Shame. On All Of Us.

Duly Noted

The record of the last century has been assembled with mosaic pieces of horror. This explains inquiries directed at those that, as conscious contemporaries, have witnessed these wrongs. The past’s adults are faced with a question: “What were you doing? How could you allow such misdeeds to happen?” The answer tends to be “we knew nothing and cold do nothing”. 

Whatever the merits of the defense might be, in our day the question, -and the original answer- is again emerging. The compromising case of being an inactive observer posing as an accidental bystander reoccurs. Our welfare, pseudo-safety and the convenient claims of exceptionalism reappear. Soothingly, the excusing pretensions we love, suggest that there is no problem and that all analogies are irrelevant, while the discerned parallels are not applicable. Well, it is not necessarily so. Also, the denial prompted by the wish to self-sedate releases unexpected forces. These will ultimately haunt those that “failed to notice” what did not fit their preconceptions and went contrary to the desire of the uncommitted to be left alone.

Let us glance at the subjectively determined, popularly accepted, and media-inspired global crisis map. We notice that while full of systemic human rights violations, the list of officially certified moral outrages is selective. 

Censure happens according to a discernible criterion. It is not the malfeasance of the deed and the harm to the victim that determines revulsion and sanctions. The protest’s vehemence reflects the quality of the perpetrator and the PR rating of the victim. It is the bulk of the animal, the size of its teeth and its known temper to bite what fails to praise it that determines the articulated charges. This explains why America is blamed. Indubitably, she has teeth and size. However, she lacks the instinct to nibble back before being bitten at least twice. She appreciates the position of those that wish her destruction. Meanwhile, the crimes of other heavyweights provoke measured critique. It is voiced only after a period during which trembling apologists suggest ways to “understand” and for dismissing the victim’s cries for help. This reminds you that not all victims are rated the same. Who has heard of the Yazidis or the Ukrainians? Who will want to know later who the Estonians were?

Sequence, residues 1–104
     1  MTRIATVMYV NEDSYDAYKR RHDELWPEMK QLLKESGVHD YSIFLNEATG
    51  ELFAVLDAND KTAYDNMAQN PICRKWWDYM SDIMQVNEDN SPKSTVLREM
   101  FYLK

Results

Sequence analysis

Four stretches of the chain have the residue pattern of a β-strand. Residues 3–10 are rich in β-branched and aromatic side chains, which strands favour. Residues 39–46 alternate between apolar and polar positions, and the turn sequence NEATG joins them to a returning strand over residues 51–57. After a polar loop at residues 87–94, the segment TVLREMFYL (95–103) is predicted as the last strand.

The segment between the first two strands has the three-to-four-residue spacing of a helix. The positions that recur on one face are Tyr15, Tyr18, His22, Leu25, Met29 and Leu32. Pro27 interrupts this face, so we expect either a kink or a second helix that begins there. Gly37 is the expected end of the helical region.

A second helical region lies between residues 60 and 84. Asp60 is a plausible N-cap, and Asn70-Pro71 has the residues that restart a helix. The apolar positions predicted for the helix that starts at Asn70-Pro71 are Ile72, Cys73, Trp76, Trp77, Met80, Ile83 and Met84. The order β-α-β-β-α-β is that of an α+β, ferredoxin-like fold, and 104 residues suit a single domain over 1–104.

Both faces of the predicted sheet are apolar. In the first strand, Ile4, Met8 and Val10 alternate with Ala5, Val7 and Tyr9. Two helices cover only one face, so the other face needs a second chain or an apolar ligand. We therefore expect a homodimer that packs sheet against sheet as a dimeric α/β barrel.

Societies that share our culture enjoy advantages. To their peril, a “right to privileges” sneaked on the list. One of these is the right to deny the truth. Privileges can never be the subject of a right and ignoring the facts is an illegitimate privilege. Let it be added: This luxury is also an instrument of silent self-destruction.

The case of the struggle for Kobani is an object to make a case. That Syrian town on the Turkish border, defended by its Kurdish inhabitants that resist the Islamic State serves as this moment’s test. At stake for the Kurds is – whether Yazidis, Muslims or Christians - to escape the massacre of the males and the slavery of the women. Even if overlooked, there is an attached issue for those that witness with detachment the struggle fought with unequal arms.